Writer: Terence Rattigan
Director: Justin Audibert
Reviewer: Jo Payne
Flare Path is one of those rare productions which requires only one location – the residents’ lounge of the Falcon Hotel in Milchester, Lincolnshire – to effortlessly lure the audience into its time period and the lives of its characters. Some, particularly the Countess, Doris (Claire Andreadis), feel more like friends than characters as the play concludes and the fine performances from the entire cast easily instil empathy in those watching.
Set against a backdrop of World War Two, Flare Path tells the story of a team from the Royal Air Force, their wives and a few of their acquaintances. The entire plot takes place in under 24 hours, with the pilots and their wives entering and leaving the hotel during that time. As the posters suggest, the story is ultimately about love. One striking realisation which the dialogue brings about is how fast and seemingly fragile wartime romance could be.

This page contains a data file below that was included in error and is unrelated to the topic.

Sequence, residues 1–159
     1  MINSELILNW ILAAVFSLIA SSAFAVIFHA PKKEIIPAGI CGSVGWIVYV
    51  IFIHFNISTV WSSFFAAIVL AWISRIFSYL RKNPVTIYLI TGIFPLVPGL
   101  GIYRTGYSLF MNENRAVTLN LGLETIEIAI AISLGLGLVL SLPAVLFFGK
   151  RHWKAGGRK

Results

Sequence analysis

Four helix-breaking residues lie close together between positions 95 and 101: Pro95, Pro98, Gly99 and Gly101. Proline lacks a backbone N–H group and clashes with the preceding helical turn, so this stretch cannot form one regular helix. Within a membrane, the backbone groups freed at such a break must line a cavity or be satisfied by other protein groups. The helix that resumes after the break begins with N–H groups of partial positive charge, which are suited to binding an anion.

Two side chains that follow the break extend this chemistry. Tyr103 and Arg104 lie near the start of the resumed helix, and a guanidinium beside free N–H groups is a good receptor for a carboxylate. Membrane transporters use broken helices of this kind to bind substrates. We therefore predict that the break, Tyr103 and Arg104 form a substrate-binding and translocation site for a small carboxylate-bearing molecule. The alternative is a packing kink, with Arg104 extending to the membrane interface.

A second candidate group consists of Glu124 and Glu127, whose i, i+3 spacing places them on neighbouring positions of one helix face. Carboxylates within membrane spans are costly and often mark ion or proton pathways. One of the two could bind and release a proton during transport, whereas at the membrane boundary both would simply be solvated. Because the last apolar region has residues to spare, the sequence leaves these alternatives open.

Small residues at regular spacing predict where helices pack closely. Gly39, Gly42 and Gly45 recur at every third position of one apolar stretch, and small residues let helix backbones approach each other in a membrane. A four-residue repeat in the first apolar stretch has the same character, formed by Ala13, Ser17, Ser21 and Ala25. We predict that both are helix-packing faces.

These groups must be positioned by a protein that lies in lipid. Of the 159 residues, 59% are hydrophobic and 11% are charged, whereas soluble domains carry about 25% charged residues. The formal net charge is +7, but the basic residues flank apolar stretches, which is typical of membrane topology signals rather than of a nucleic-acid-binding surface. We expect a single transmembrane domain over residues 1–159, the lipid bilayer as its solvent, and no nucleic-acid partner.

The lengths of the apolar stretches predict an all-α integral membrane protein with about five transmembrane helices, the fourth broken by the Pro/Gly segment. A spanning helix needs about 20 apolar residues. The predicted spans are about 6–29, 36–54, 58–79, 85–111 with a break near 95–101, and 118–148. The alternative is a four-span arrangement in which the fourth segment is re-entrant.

A plethora of contrasting characters fill the stage throughout the play. Peter Kyle (Lynden Edwards) has spent most of his recent years as a famous actor, Mrs Oakes (Audrey Palmer) runs the hotel and ensures everyone knows it and Maudie Miller (Polly Hughes) is a personal favourite of the wives who rarely leaves her comfort zone but supports and loves her husband dearly. Although most of the action revolves around Patricia Warren (Hedydd Dylan) and her quest to choose her future from the options in front of her, the peripheral relationships, those of Maudie and Dusty (Jamie Hogarth) and the Count (William Reay) and Countess, shape the fundamental heart of the story.
While tales of love intertwine, humour and mystery are also rife. Count Skriczevinsky is a brilliant addition to the cast; his words are few but his impact is lasting. The dialogue is witty and cues are impeccably-timed. Occasionally, questions hang in the air and there are unsaid words which continue the narrative beyond the script. The set is a simply-decorated room which is cleverly angled to ensure each area is visible to all throughout the show. Using an effective mixture of lighting and appropriate sound, the audience experience the feeling of planes taking off and landing on the nearby airstrip.
As well as being a charming story with believable characters, Flare Path leaves the audience with a valuable reminder of the fragility of life and the importance of those who risk theirs regularly. Its core has longevity far beyond that of the time in which it is set so it is able to touch those who didn’t experience the horrors of war while also bringing a sense of nostalgia to those who did.
Runs until 30 January 2016 | Image: Jack Ladenburg